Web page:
Hurricane Harvey's impact on energy infrastructure, including the shut down of some refineries and pipelines, has prompted some to call for a wider infrastructure network to offset the effects of future storms.
Many refineries, platforms and pipelines were still running at much less than full capacity last week as energy companies moved to offset the effects of the hurricane.
The hurricane, which slammed the coasts of Texas and Louisiana, knocked out an estimated 4.2 million barrels per day of refining capacity, or 23 percent of the United States total, according to a report by Reuters.
The news agency further reported last week that, while some refineries and pipelines were operating, about 20 percent of refining capacity remained offline.
Hurricane Harvey could have been worse for energy refining and distribution, and would have been if it hit a decade ago, according to an activist with a veterans' group that lobbies for increased energy independence.
Retired U.S. Army Capt. James McCormick, program director of Vets4Energy, said fracking and shale energy has provided the U.S. with alternative sources, but more is needed to be done to beef up oil refining and pipeline infrastructure, he told American Security News.
A Wall Street Journal article said the U.S. has 141 operable oil refineries today, 79 fewer than three decades ago, and noted that many of the facilities are concentrated on the Gulf Coast.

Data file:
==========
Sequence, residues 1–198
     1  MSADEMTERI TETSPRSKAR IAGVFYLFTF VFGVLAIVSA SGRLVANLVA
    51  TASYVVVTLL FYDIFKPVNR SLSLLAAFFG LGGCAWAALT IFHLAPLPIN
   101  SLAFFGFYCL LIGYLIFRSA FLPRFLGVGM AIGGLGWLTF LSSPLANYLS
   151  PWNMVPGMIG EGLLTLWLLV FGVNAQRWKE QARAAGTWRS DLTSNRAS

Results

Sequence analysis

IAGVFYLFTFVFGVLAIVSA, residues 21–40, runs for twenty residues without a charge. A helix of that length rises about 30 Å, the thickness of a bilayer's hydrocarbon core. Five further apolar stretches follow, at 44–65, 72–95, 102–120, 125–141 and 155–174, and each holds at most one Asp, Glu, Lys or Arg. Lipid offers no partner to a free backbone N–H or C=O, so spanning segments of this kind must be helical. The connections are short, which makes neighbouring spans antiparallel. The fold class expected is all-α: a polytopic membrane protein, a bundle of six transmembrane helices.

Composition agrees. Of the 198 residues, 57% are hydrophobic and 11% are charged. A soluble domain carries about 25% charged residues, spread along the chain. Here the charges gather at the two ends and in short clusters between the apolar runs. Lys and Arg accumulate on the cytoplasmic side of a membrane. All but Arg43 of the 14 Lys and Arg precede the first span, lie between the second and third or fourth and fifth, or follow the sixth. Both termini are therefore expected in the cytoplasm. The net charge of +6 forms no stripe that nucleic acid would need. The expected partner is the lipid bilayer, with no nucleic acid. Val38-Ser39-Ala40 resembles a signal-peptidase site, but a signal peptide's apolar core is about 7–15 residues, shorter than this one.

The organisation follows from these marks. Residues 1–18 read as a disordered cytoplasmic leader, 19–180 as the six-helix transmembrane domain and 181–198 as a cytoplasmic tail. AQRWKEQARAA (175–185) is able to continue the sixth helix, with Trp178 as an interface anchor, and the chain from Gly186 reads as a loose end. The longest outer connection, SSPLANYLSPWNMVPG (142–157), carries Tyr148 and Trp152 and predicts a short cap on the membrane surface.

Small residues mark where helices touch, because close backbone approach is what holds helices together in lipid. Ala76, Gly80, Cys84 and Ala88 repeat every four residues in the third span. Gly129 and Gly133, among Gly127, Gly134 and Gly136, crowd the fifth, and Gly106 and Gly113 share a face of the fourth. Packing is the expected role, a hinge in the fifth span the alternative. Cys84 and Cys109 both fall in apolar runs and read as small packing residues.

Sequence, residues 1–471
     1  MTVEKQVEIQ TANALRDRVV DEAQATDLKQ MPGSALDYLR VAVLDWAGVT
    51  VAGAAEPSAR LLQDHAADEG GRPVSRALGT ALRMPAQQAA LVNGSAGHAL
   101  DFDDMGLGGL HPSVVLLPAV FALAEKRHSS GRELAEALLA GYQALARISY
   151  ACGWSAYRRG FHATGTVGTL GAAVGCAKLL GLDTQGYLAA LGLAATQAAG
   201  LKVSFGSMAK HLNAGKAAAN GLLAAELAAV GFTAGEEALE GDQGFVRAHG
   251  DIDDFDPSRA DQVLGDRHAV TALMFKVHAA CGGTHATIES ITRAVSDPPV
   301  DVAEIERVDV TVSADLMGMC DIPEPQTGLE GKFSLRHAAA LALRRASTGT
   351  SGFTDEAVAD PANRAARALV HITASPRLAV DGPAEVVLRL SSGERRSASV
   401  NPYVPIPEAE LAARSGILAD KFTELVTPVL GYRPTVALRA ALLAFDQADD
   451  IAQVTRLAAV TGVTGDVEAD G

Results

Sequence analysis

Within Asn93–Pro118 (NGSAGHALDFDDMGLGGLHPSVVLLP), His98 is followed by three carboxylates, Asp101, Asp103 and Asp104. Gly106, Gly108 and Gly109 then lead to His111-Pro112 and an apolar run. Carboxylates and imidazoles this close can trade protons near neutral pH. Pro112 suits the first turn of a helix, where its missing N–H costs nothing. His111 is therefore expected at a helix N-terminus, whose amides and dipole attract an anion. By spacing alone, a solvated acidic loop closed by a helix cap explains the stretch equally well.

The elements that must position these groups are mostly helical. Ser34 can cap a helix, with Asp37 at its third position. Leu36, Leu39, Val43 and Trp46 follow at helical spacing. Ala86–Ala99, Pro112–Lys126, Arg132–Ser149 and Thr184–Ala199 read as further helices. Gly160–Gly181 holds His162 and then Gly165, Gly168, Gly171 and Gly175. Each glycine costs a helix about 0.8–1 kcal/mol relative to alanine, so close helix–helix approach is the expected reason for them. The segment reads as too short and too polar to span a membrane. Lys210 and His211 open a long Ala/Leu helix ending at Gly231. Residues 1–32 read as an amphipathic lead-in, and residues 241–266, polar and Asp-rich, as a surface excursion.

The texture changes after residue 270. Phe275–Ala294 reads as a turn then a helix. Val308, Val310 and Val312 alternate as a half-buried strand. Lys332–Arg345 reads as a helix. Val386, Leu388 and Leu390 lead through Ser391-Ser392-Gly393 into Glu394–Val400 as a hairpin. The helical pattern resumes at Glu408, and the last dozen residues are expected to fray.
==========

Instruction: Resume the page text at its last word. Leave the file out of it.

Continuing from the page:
One of the reasons for this concentration of refining capacity is because Texas and Louisiana are so welcoming to energy companies.
"A decade ago, such a storm would have taken a much larger toll on our country’s energy supply," McCormick said. "Hydraulic fracturing and shale energy have given us alternative choices as parts of Texas temporarily went offline."
He added, "All veterans know the importance of redundancy and backups in all vital systems including fuel supplies. And this hurricane has demonstrated our need for additional energy infrastructure."
He said pipelines should be like the internet, where there are "multiple pathways available to get that energy where it needs to go."
"Those additional pathways help ensure an uninterrupted supply of energy remains available and lessens the disruption in case such disaster comes again," McCormick said.
And he added, "Hurricane Harvey is tragic, with loss that will be felt forever. We’ve seen the worse of what a storm can deliver, and the best of American qualities from those who jump in to help their fellow Americans."